My name is Richard, and I am a writer.
Sounds good, doesn’t it? It’s the one thing about myself that I’m always proud to tell people (for ‘people’, read ‘anyone who’ll listen’). But, am I? A writer, I mean. What is a writer? At what point, or by what criteria, can one rightly refer to oneself as ‘a writer’? This may seem, at first glance, a rather odd question, but it is one I wrestle with from time to time. Usually around the time I tell someone I’m a writer and feel a faint lack of authenticity, coupled with a loathsome voice in my head, telling me I’m a total phoney.
‘I’m a writer’, I say.
‘You’re a total phoney’, the loathsome voice says.
‘I have every right to call myself that’.
‘Yeah, but you’re not telling the whole story, are you?’
‘I’m relating the important bits’.
‘You’re a big phoney and you smell of poo’.
Let me explain, and at the same time assure you that I do not smell of poo. Not that I’m aware of, anyway.
I’ve written seven screenplays, two of which were optioned for a short while. I’m in the process of writing two novels and I’m a semi-conscientious blogger. I write. I love to write. It’s what I was meant to do. However, like most writers, I haven’t yet reached the point where my craft is my primary source of income. So, I am currently cursed with what people call ‘a day job’. You know, the thing that people advise you not to give up? Actually, my day job is a night job. I work the night shift in a hotel. It’s a thankless, tedious and demeaning job and certainly not the kind of thing you’re going to tell people you do. Not if you have a plausible alternative. Which, God be praised, I do. You see, I’m a writer.
‘Oh, fuck off’.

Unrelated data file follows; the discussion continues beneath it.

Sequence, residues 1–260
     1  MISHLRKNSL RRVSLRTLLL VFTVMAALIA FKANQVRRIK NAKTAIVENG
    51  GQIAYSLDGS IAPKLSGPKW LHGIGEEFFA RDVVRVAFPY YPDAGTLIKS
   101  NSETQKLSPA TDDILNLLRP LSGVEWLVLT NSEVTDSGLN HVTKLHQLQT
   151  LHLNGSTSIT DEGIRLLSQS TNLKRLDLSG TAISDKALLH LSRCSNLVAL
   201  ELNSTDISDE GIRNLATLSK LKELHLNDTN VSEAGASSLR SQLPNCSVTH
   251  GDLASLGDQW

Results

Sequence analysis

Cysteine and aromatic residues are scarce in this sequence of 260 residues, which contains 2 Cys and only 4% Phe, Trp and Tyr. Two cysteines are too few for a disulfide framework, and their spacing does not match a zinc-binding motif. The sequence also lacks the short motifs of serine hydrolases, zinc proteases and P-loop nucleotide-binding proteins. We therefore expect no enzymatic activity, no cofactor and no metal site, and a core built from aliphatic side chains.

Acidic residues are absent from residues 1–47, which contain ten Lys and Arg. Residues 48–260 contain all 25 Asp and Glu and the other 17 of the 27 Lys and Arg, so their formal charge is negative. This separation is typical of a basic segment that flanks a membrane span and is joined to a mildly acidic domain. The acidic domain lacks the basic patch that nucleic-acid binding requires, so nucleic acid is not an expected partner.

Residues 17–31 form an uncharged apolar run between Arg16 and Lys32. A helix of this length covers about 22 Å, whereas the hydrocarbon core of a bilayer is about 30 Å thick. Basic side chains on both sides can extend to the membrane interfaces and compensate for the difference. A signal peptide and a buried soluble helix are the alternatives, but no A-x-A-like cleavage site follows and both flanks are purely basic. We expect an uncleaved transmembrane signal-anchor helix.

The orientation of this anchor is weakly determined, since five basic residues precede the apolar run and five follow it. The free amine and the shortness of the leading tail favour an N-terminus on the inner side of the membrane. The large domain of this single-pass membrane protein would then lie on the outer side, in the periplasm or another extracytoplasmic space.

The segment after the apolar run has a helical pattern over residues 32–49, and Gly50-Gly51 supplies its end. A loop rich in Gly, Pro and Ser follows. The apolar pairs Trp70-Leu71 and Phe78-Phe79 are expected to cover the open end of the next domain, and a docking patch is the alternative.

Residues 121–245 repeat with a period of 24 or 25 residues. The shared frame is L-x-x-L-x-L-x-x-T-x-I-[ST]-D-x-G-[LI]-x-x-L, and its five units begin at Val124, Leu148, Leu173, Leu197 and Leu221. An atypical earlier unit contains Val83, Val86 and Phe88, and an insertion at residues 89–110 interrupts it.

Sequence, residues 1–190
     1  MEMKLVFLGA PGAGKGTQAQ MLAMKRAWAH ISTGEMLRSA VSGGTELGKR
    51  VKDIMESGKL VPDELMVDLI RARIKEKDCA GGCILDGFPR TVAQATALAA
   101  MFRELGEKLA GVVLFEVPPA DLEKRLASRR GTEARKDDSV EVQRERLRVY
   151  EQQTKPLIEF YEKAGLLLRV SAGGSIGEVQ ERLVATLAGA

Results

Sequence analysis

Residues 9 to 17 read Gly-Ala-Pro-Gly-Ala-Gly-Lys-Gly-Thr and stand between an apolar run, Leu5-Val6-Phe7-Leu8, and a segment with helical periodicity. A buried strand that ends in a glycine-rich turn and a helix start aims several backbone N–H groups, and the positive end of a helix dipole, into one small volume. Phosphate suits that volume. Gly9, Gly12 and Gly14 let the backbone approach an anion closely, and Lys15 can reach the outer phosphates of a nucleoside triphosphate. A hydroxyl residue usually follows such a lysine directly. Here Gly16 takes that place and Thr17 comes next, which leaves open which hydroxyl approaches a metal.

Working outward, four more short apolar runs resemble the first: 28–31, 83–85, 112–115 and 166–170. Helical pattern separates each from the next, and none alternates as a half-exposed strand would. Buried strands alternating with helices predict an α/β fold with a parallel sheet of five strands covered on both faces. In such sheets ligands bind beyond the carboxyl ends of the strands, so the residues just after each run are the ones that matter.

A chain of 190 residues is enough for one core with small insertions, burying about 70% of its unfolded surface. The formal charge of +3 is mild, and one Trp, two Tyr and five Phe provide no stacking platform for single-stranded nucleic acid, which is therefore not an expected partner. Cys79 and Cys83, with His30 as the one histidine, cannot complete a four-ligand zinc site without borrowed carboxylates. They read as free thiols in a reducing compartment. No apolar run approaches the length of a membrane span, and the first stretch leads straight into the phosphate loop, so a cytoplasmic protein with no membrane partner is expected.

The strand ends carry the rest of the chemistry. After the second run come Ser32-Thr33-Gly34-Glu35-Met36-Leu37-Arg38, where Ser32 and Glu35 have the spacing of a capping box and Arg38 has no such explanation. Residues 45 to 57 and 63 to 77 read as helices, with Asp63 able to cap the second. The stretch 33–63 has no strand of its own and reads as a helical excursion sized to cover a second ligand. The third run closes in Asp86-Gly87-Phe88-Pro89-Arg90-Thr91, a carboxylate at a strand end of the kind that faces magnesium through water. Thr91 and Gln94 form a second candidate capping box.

‘Touched a nerve, have we?’
You see the issue?
So, the questions is, what labour defines you? The work which pays the rent or the work which you love but presently pays you little to nothing? Have I earned the right to tell people I’m a writer, or should I, in all honesty, tell people I work the night shift in a hotel? It’s like being Clark Kent, forever compelled to present that mild-mannered persona to the world, while desperate to tell people you meet that you’re actually Superman. After all, you really are Superman. Clark Kent just pays the rent. Ironically enough, he’s a writer too. I wonder if he gets the loathsome voice in his head?
Is it, in fact, the case that the simple of act of writing makes you a writer, regardless of whether you ever get paid for it? Surely it’s the act that earns the definition, not the result of that act. I mean, is a musician only a musician if his songs are recorded? Is a rapist only a rapist if he gets convicted? No, of course not. That’s just ridiculous, right?
So why, when I tell people I’m a writer, do I feel like such a fraud?
And how much thinking is too much thinking?